Dental Insurance FAQ


Navigating and understanding your various insurance policies can be confusing and frustrating. Typically, medical insurance is much harder to comprehend than dental insurance. Although we cannot speak on the specifics of your particular policy, there are a few basic tenants of dental insurance we can go over.

Dental Coverage of the Past


Did you know that medical insurance has been around since the 1920s? Just ten years later Blue Cross organizations began to develop, and since then insurance has become a prevalent topic in the media, at home, and across politics.

Although the first recorded mention of dentistry as a profession dates back to 4600 bc to an Egyptian scribe named Hesy-Rey, dental insurance is still quite new. You may be surprised to learn that dental coverage first started in the mid-sixties to the early seventies. While most forms of insurance have raised the cap on what they cover, dental insurance has not. To give you an example, in 1972 Delta Dental Insurance had a cap of a thousand dollars. As you might imagine, that amount went a long way. Today, the national average is still at a thousand dollars, but it does not cover what it did so many decades ago.

Terms to Know


•  Deductible: A deductible is a small amount paid to your care provider before your insurance provider pays anything. For instance, if you have a two-thousand-dollar deductible than you must pay two thousand dollars towards your bill before the insurance company pays anything.
•  Co-Pays: Co-pays are a set amount you must pay out of pocket for services. For example, if you were to have a twenty-dollar co-pay for prescriptions, you would have to pay that amount, while the insurance company would cover the rest. Usually, you will need to pay the co-pay at the time of the service.
•  Yearly Maximums: A yearly maximum is the limit that your insurance policy will pay. If you have a thousand dollar yearly maximum, but your bill is twenty-five hundred then you will be required to pay fifteen hundred of that to your dentist. Usually, the amount of your yearly maximum directly correlates to your monthly premium.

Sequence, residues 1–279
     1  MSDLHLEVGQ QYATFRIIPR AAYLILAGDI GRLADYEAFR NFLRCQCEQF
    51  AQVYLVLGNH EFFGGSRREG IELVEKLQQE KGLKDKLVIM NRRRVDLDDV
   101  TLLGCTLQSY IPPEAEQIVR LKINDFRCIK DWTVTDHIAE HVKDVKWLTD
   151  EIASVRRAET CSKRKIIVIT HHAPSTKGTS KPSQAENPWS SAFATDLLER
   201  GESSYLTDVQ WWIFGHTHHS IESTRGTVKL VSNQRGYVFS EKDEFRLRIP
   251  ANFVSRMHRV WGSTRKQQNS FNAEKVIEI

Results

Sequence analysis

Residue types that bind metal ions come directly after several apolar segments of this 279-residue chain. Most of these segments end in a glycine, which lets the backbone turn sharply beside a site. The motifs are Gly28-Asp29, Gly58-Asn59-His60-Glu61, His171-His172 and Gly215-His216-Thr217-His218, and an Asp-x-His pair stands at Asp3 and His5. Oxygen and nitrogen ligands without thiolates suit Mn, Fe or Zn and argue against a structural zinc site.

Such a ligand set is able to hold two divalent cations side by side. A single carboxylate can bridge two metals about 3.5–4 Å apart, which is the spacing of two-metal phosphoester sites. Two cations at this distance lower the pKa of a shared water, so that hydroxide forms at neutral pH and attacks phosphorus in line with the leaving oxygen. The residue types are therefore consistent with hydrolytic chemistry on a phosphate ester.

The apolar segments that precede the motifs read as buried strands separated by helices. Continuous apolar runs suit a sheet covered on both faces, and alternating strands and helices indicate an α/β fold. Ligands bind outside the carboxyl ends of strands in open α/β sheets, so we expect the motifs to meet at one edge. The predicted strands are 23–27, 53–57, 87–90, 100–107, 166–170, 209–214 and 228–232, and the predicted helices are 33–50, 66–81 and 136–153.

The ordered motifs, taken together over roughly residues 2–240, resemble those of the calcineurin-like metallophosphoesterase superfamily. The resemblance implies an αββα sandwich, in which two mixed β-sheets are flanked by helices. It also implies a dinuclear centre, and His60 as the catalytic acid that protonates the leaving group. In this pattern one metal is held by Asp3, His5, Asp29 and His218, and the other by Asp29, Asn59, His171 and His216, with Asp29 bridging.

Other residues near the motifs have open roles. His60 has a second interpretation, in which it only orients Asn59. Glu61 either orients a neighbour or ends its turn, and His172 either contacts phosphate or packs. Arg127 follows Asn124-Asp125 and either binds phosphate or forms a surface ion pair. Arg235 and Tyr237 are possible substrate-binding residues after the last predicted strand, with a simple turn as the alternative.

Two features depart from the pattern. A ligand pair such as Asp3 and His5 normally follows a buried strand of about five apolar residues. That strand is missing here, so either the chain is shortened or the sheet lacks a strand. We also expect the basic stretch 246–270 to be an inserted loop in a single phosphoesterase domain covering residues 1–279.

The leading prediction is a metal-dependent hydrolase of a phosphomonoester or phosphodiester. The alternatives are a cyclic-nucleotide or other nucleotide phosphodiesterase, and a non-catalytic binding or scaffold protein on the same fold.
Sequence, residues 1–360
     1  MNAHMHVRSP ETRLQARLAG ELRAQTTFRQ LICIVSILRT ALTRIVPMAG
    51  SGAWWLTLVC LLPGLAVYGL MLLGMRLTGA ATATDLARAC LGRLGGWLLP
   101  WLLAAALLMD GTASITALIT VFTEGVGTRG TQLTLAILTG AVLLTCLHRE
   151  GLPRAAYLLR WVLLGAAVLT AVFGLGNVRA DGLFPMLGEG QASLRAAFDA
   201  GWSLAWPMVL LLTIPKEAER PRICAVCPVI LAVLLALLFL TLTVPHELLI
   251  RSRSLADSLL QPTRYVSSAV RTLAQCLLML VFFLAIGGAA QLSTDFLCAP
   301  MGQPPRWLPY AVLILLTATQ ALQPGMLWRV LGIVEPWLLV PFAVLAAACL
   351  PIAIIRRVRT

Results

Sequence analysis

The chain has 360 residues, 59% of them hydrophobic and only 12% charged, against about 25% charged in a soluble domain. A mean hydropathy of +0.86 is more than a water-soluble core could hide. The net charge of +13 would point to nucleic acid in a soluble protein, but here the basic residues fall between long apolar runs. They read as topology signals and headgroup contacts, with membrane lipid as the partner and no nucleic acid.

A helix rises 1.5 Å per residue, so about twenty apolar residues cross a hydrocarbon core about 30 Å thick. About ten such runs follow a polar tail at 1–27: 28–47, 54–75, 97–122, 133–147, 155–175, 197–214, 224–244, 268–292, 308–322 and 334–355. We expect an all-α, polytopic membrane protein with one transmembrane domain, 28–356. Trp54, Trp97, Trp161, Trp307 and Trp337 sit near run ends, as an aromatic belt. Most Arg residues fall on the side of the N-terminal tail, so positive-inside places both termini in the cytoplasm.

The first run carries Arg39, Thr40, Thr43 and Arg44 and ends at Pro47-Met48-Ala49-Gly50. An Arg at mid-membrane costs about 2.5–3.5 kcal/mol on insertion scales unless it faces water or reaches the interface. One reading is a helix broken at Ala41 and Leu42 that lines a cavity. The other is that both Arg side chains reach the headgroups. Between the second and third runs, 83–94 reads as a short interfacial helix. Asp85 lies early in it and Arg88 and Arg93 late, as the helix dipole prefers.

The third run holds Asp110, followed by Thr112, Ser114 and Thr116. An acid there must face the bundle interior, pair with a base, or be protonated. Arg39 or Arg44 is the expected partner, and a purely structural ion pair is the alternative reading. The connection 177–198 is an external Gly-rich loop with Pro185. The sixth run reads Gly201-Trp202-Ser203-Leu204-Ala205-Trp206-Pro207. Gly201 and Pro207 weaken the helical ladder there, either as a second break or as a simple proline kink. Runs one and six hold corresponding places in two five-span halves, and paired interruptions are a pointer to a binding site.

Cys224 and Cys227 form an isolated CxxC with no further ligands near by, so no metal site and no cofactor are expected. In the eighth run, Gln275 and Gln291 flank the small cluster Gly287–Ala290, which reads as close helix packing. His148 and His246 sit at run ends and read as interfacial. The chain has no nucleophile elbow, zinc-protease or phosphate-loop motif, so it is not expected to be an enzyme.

Types of Dental Insurance Coverage


1.  Preventive: Most insurance policies fully cover preventive care such as cleanings, x-rays, and sealants.
2.  Basic: Typically, insurance will cover 70 to 80 percent of this category. Treating gum disease, tooth extractions, and root canals are all examples of basic services.
3.  Major: Major services such as crowns, bridges, inlays, and dentures are rarely covered. If they are covered, you will have a higher co-payment.

Categories of Insurance Plans


If you have insurance, your policy probably falls into one of the following categories:
1.  HMO (Health Maintenance Organization): Provides you with a network of providers to choose from. You must choose a provider from this stipulated network to be covered.
2.  PPO (Preferred Provider Organization): Similar to HMOs, PPOs offer you access to an approved network of providers. You can see providers outside the network, but you may have to pay more.
3.  Indemnity: An indemnity plan allows you to pick your care provider and does not make you choose from an approved network.

We Will Work With You


No matter what your insurance plan covers or does not cover, be sure to read it carefully, and ask questions. At Woodland Hills Oral & Maxillofacial Surgery we will do everything we can to work with you and your insurance company. Call us today at (818) 999-0900.

Related pages:


6325 Topanga Canyon Blvd
Suite 435
Woodland Hills, CA 91367
Monday–Friday
8:30AM–5:00PM

Phone: (818) 999-0900
Email Us
Woodland Hills OMS | www.woodlandhillsoms.com | (818) 999-0900
6325 Topanga Canyon Blvd, Suite #435 Woodland Hills, CA 91367
Copyright © 2017-2018 Woodland Hills OMS and WEO MEDIA. All rights reserved.  Sitemap | Links